In accordance with an aspect of the invention, a fire suppression system employs a mixture of vaporizing liquid gas and aqueous film forming foam (AFFF) concentrate. The vaporizing liquid may be a hydrofluorocarbon such as hexafluoropropane (CF3-CH2-CF3) or heptafluoropropane (CF3-CHF-CF3). AFFFs are water-based and frequently contain hydrocarbon-based surfactant such as sodium alkyl sulfate, and fluorosurfactant such as fluorotelomers, perfluorooctanoic acid (PFOA) or perfluorooctanesulfonic acid (PFOS) and/or a polysaccharide or natural proteins in or as the foaming agent. In one embodiment, the AFFF solution or concentrate may be Fire Aid 2000 freeze protected AFFF and can be mixed with a vaporizing liquid gas such as FM 200/FE 36. The AFFF, which can contain deionized water to reduce or avoid electrical conductivity, can be poured into a fire extinguisher. The fire extinguisher is then sealed, and vaporizing liquid gas under pressure is fed into the extinguisher in a conventional manner until a desired weight of vaporizing liquid is achieved. The fire extinguisher is then further pressurized (e.g., up to 300 to 600 psi) using a relatively inert gas such as nitrogen. The combination of these ingredients was previously thought to be impossible to combine in a pressure vessel, such as a fire extinguisher, because vaporizing liquid gases are generally not water soluble. By combining these ingredients under 300 to 600 psi with deionized water, the freeze protected foam liquid prevents electricity from flowing back to the person operating the fire extinguisher. The foam generated when the fire extinguisher is shot sticks to a fuel surface thereby sealing the fire off from an air source, smothering the fire, causing the fire to go out and preventing a reflash of the fire as all fuel or material that was on fire is covered by a layer of foam. This foam is very different from standard foam. When the FM 200 vaporizing liquid gas changes from a liquid to a gas as it strikes the fire target, it expands dramatically, increasing the thickness of the foam blanket and creating a foam blanket that lasts several times longer than other types of foam shot from a canister or handheld fire extinguisher. This foam generating mixture can be employed in a hand portable or handheld foam fire extinguisher that mixes and shoots the ingredients together to fight a Class C electrical fire. These ingredients can also emulsify with a flammable liquid fuel of any kind, making the fuel nonflammable.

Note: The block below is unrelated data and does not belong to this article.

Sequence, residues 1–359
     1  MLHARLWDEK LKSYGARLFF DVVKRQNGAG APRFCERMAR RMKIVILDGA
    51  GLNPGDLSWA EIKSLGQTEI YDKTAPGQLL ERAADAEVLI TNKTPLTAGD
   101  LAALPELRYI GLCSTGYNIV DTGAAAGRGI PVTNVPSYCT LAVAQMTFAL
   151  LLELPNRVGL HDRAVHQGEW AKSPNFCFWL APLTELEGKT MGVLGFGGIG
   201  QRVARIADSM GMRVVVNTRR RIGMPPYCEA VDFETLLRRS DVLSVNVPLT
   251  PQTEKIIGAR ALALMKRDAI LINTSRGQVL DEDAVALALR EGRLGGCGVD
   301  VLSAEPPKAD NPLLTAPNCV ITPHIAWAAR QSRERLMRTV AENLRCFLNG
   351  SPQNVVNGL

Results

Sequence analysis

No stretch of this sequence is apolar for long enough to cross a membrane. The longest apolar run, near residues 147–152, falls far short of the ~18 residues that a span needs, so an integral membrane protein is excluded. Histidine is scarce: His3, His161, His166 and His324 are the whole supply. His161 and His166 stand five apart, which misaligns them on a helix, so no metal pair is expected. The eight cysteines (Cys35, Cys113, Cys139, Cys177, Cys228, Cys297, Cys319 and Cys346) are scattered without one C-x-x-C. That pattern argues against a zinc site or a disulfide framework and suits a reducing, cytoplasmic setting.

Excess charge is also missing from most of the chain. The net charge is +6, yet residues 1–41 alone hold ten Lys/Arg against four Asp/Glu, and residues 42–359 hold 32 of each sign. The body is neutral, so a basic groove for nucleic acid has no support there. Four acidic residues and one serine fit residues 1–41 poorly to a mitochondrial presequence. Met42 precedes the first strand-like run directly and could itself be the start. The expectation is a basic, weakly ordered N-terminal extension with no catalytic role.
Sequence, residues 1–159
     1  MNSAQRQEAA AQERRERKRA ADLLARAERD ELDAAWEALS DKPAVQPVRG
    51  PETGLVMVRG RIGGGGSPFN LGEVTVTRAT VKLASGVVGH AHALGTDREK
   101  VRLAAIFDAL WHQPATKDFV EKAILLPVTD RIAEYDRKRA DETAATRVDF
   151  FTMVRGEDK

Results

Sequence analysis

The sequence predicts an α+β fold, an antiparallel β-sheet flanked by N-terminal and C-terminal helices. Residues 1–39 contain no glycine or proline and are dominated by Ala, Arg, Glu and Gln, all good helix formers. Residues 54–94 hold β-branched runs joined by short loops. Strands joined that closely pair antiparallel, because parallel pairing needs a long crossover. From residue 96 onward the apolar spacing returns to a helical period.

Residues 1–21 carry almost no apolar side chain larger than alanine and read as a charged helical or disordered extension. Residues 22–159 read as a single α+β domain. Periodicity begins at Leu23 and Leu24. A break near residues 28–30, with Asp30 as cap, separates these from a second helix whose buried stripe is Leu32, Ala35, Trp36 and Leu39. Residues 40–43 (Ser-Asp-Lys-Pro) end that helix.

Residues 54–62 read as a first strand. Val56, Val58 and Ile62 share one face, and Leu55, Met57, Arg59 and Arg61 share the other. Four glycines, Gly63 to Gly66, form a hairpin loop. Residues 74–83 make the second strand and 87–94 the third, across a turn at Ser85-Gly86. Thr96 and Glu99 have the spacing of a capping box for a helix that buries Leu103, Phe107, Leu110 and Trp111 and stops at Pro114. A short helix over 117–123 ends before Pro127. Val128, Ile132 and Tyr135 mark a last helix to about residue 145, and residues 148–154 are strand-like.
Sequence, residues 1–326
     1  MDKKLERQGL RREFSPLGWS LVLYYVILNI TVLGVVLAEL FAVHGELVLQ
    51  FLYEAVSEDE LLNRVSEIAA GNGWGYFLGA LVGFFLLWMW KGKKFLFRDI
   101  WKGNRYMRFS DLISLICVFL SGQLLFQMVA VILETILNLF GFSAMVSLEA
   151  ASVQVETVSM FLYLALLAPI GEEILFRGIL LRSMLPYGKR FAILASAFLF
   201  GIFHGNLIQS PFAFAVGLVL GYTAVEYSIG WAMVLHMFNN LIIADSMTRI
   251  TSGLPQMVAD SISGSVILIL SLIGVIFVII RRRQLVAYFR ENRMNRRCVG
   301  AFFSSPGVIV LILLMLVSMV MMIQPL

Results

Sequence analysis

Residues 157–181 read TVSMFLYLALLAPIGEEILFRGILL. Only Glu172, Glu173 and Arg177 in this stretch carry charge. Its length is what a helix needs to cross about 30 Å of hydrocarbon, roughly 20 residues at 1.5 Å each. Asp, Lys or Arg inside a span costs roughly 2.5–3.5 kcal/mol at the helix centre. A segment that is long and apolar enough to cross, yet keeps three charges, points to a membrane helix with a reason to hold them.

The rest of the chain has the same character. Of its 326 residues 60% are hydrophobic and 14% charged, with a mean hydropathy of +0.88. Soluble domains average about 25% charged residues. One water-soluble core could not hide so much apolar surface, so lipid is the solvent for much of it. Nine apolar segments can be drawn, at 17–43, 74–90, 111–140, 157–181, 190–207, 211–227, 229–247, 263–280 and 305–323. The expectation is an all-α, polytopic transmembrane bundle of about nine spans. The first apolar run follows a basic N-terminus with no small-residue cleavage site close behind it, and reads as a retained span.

The drawing shows an example of a fire extinguisher 100 that is disassembled to separate a tank 110 from a spray mechanism 120. In accordance with one specific embodiment of the invention, tank 110 is suitable for handheld operation and has a total liquid capacity of 52 oz. into which about 18 to 30 oz. of Fire Aid 2000 can be poured. If an AFFF concentrate is employed, deionized water can then be added to the AFFF concentrate to produce an aqueous solution with a low conductivity. Spray mechanism 120 can be threaded into tank 110 to provide a pressure tight seal. About 6 to 30 oz. of vaporizing liquid gas such as FM200 or FE 36 can then be introduced into the sealed tank 110 with the AFFF solution. The amount of vaporizing liquid gas can be controlled to select the amount of foam expansion desired. In general, mixtures with larger amounts of vaporizing liquid gas can produce thicker layers of foam. Sealed tank 110 can then be pressurized with nitrogen or another relatively inert gas to a pressure that may be selected according to the rating of tank 110 and/or the range, e.g., 100 to 600 lbs pressure, of a pressure gauge 130 for tank 110. Fire extinguisher 100 can then be shaken to mix the ingredients or form an emulsion. If fire extinguisher 100 is in a stationary installation for an extended period, fire extinguisher 100 may be shaken before firing to ensure that the ingredients are mixed. When the mixture is sprayed from fire extinguisher 100, vaporization of the liquid gas can create fire suppressing foam without the need for other mechanical action.
 Although the invention has been described with reference to particular embodiments, the description is only an example of the invention's application and should not be taken as a limitation. For example, although the above embodiments employ specific quantities as an example, other quantities and mixtures are possible. Various other adaptations and combinations of features of the embodiments disclosed are within the scope of the invention as defined by the following claim.
Patent applications in class Gas pressure
Patent applications in all subclasses Gas pressure